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Grizzly bears, black bears, wolves, coyotes, cougars/ mountain lions,bobcats, wolverines, lynx, foxes, fishers and martens are the suite of carnivores that originally inhabited North America after the Pleistocene extinctions. This site invites research, commentary, point/counterpoint on that suite of native animals (predator and prey) that inhabited The Americas circa 1500-at the initial point of European exploration and subsequent colonization. Landscape ecology, journal accounts of explorers and frontiersmen, genetic evaluations of museum animals, peer reviewed 20th and 21st century research on various aspects of our "Wild America" as well as subjective commentary from expert and layman alike. All of the above being revealed and discussed with the underlying goal of one day seeing our Continent rewilded.....Where big enough swaths of open space exist with connective corridors to other large forest, meadow, mountain, valley, prairie, desert and chaparral wildlands.....Thereby enabling all of our historic fauna, including man, to live in a sustainable and healthy environment. - Blogger Rick

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Monday, July 30, 2012

If there is not a Puma breeding population in the Upper Peninsula of Michigan then you have a lot of unfulfilled young male "cats" stalking the northern hardwood forest.................The 17th verified sighting of a Puma took place on July 18th in northern Marquette County.............

Counting cougars: More evidence of the wild cats confirmed in Michigan's U.P.

cougarJuly2012.jpgThis trail camera photo of a cougar was taken at 2 a.m. on July 18 in northern Marquette County.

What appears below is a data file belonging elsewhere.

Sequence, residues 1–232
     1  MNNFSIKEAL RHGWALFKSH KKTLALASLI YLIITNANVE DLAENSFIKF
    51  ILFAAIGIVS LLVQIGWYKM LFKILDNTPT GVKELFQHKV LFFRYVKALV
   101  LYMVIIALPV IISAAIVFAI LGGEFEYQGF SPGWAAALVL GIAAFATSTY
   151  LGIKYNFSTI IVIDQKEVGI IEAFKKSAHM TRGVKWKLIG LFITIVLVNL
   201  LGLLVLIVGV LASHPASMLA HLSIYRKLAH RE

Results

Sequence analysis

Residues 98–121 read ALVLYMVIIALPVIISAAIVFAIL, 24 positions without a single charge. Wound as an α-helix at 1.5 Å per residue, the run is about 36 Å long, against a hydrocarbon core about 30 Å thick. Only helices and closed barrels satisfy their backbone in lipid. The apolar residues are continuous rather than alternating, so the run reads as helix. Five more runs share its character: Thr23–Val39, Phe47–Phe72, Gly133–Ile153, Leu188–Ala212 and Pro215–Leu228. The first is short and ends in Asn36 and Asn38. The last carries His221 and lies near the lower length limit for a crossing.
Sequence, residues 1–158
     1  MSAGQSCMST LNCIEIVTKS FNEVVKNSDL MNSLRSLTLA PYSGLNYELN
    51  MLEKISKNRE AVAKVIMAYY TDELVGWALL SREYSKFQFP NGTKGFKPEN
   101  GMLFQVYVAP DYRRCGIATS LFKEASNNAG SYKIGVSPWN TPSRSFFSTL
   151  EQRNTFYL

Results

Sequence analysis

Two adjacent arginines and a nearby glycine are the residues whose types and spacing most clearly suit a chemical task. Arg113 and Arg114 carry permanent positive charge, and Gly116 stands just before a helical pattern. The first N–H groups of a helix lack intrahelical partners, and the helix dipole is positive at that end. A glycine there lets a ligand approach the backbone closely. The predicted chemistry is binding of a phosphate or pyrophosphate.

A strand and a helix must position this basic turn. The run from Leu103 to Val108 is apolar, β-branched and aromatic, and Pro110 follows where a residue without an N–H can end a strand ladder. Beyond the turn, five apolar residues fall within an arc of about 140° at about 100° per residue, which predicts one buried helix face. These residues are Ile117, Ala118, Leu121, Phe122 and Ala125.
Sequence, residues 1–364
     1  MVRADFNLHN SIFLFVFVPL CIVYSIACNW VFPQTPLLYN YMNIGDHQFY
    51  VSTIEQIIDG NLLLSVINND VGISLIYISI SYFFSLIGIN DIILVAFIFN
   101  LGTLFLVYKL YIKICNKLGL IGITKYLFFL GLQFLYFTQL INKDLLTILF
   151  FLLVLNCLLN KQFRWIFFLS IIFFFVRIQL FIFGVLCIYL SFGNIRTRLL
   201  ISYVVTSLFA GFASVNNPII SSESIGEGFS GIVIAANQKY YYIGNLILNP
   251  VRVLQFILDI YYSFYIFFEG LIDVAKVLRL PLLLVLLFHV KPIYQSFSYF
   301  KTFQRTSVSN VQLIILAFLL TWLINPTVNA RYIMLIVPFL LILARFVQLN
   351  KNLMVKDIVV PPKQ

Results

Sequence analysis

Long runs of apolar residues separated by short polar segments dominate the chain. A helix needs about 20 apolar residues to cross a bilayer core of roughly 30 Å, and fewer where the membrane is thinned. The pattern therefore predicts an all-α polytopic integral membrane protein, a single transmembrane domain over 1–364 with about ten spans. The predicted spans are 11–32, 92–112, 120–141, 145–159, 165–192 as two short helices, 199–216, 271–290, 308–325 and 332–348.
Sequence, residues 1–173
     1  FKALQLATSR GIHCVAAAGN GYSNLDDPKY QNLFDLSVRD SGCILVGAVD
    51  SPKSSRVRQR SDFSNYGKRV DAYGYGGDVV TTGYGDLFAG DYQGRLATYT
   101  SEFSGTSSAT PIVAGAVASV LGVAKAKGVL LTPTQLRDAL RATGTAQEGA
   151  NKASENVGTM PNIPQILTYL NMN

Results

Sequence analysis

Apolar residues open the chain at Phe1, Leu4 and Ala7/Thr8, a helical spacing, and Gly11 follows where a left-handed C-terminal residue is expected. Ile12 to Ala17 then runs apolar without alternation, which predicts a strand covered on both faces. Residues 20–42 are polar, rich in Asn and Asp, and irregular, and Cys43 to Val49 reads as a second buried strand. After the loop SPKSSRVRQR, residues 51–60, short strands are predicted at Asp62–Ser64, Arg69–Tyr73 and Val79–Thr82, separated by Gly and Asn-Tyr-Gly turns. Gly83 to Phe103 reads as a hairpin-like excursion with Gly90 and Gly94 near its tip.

The documentation of cougars in Michigan's Upper Peninsula continues to grow.The state's Department of Natural Resources said Friday it verified a trail camera photo of a cougar taken earlier this month in northern Marquette County. The state agency said the photo is the 17th time it has been able to verify the presence of cougars in the Upper Peninsula since 2008.

The DNR acknowledges the presence of an unknown number of adult cougars in the Upper Peninsula, but says there's no evidence they are breeding."The growing body of evidence continues to indicate the presence of an unknown number of adult cougars in the Upper Peninsula," DNR wildlife biologist Adam Bump said in a statement Friday. "In the five years since we confirmed our first cougar report we have yet to receive any evidence of breeding activity, as all images and other physical evidence have been from adult cats."

The DNR says it has confirmed tracks, photos or video from nine Upper Peninsula counties -- Delta, Marquette, Schoolcraft, Mackinac, Chippewa, Ontonagon, Houghton, Keweenaw and Baraga.
Some groups have said they have evidence cougars are also in the Lower Peninsula, but the DNR has not agreed. The state agency has confirmed only Upper Peninsula reports.

Reports of cougar sightings are up in recent years. The DNR says it could be because more individual cougars are moving east from more western locations. Cougars have been known to travel hundreds of miles across multiple states in search of new territory, the DNR says.

The agency said it's also probable that a proliferation of trail cameras in the woods is resulting in more clear, verifiable cougar photos. Others say there are more cougars in the state than officially acknowledged.

The Michigan Wildlife Conservancy released a photo from a southern Marquette County trail camera earlier this summer, saying it's perhaps the clearest photograph of a wild cougar taken in the state.
The Associated Press reports the conservancy says there may be a resident population of cougars, rather than just wandering cats from elsewhere.

Cougars are classified as an endangered species in Michigan.

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